I want to sit on the other side so I can look out the window. I've already seen everything on my side of the bus. Student whose school system mandates boys and girls must sit on opposite sides of a school bus, 1997
I mean, I think everybody in the world, all the young people in the world, went to journalism school and wanted to investigate everything. And I think they overdid it. I think that you have to investigate things, you have to e skeptical, but you shouldn't be vengeful. You have to be fair and you have to be careful.
You're aware the boy failed my grade school math class, I take it? And not that many years later he's teaching college. Now I ask you: Is that the sorriest indictment of the American educational system you ever heard? [pauses to light cigarette.] No aptitude at all for long division, but never mind. It's him they ask to split the atom. How he talked his way into the Nobel prize is beyond me. But then, I suppose it's like the man says, It's not what you know . . .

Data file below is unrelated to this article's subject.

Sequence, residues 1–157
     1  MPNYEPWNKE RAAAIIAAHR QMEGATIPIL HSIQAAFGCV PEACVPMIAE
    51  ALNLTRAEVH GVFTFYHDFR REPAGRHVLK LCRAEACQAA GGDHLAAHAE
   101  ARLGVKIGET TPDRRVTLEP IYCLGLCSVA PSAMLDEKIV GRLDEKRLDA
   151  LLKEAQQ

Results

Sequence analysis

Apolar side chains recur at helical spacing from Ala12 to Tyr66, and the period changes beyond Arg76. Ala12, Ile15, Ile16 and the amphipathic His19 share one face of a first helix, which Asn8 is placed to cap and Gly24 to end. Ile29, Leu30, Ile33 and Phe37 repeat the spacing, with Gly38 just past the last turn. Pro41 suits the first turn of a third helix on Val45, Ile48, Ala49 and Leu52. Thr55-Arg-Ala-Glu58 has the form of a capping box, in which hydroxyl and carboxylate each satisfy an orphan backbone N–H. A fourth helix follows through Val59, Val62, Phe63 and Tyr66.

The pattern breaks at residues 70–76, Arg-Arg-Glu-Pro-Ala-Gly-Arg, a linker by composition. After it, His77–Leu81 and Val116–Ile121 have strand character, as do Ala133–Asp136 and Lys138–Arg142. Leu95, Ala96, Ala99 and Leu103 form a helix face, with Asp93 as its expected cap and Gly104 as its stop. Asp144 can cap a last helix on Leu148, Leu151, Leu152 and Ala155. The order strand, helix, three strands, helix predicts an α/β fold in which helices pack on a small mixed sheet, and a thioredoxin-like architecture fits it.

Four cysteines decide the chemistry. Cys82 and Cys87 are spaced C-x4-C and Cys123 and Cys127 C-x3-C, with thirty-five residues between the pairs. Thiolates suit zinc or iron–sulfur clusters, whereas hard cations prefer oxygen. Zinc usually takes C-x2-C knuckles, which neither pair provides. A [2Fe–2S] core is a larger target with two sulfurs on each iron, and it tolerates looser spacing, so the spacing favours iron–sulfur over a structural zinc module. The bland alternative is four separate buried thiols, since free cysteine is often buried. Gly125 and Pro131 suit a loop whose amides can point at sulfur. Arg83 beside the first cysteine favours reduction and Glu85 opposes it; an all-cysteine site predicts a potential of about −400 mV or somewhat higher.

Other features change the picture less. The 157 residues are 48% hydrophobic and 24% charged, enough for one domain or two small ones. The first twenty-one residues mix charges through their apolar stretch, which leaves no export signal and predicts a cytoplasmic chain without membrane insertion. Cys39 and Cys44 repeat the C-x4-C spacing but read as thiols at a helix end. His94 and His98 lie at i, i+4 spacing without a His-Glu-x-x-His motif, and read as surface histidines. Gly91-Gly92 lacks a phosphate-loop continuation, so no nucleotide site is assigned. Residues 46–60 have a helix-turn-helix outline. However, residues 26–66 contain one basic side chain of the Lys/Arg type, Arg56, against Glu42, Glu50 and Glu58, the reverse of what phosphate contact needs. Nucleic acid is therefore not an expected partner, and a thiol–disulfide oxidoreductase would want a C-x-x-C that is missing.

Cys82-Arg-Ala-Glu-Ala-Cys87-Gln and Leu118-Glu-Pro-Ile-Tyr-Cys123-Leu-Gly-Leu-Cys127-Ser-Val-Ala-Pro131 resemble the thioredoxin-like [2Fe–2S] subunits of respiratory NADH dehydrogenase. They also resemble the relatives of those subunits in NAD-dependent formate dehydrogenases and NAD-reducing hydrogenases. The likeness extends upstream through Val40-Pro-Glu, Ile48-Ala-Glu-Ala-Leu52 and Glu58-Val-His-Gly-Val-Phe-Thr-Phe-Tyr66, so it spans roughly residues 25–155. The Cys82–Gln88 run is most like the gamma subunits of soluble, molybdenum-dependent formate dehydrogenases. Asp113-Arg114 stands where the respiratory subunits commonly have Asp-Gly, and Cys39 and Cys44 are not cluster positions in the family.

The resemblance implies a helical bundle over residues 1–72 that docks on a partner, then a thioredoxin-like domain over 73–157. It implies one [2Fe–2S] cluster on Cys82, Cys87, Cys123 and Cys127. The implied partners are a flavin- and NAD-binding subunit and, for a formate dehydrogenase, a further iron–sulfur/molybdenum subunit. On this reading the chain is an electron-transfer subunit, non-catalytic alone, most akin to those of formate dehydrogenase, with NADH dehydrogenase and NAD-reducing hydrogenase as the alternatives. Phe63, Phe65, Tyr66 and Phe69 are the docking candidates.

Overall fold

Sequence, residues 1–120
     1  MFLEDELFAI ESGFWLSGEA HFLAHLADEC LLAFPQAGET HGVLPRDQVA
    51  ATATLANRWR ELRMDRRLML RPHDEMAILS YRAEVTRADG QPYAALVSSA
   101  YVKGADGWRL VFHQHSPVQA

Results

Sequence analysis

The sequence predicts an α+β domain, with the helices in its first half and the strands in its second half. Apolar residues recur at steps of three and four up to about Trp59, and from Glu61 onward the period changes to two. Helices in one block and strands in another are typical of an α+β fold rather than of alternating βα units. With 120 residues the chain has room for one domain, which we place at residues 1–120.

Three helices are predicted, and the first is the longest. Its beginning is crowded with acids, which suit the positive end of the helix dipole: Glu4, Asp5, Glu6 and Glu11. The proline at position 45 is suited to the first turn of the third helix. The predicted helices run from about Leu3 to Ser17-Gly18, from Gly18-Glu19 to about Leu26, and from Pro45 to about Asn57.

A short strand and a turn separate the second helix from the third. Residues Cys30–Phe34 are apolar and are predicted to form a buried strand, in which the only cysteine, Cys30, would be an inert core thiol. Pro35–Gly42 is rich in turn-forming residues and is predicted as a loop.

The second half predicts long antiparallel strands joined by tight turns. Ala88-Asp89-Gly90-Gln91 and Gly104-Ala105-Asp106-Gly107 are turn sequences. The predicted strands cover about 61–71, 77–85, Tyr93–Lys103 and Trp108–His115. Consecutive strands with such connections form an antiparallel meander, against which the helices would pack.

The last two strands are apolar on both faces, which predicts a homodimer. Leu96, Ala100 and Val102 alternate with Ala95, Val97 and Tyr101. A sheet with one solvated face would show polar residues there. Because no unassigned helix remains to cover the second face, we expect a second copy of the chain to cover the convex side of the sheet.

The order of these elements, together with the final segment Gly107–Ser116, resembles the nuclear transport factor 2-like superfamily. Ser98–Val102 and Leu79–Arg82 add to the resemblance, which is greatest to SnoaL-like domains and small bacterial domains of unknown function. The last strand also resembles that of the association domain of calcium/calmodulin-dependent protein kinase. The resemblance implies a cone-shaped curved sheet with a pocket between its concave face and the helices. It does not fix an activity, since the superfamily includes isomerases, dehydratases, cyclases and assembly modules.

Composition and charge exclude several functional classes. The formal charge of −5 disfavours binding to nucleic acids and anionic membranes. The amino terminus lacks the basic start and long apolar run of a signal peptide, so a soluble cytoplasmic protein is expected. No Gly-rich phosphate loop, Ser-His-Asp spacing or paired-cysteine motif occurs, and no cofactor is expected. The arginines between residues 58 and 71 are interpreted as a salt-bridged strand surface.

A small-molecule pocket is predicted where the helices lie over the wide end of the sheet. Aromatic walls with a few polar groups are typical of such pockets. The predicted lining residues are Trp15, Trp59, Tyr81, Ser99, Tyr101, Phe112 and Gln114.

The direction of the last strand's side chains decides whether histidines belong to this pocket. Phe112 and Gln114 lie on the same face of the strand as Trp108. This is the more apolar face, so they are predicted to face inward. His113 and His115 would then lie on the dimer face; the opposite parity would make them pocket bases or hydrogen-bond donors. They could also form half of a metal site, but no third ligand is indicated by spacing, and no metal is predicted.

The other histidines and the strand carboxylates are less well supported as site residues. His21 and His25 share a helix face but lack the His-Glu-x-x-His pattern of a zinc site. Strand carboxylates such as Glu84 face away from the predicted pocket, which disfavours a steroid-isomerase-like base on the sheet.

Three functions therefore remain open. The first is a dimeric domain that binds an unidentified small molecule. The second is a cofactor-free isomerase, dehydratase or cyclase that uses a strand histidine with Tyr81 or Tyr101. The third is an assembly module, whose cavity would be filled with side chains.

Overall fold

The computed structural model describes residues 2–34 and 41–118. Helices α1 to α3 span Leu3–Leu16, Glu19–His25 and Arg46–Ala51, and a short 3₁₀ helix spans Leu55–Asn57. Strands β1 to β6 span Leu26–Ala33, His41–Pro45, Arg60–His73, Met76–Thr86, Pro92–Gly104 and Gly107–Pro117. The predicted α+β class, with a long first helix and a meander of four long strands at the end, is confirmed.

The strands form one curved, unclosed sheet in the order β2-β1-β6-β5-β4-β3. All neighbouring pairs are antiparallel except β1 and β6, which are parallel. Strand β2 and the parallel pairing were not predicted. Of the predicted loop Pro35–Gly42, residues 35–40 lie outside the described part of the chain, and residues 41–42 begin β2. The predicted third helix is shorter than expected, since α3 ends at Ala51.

More mony is put into prisons than into schools. That, in itself, is the description of a nation bent on suicide. I mean, what is more precious to us than our own children? We are going to build alot more prisons if we do not deal with the schools and their inequalities.
The most important moral of all is that excellence is where you find it. I would extend this generalization to cover not just higher education but all education from vocational high school to graduate school. We must learn to honor excellence, indeed to demand it in every socially accepted human activity, however humble that activity, and to scorn shoddiness, however exalted the activity. An excellent plumber is infinitely more admirable than an incompetent philosopher. The society which scorns excellence in plumbing because plumbing is a humble activity and tolerates shoddiness in philosophy because philosophy is an exalted activity will have neither good plumbing nor good philosophy. Neither its pipes nor its theories will hold water.
It is our American habit if we find the foundations of our educational structure unsatisfactory to add another story or wing. We find it easier to add a new study or course or kind of school than to recognize existing conditions so as to meet the need.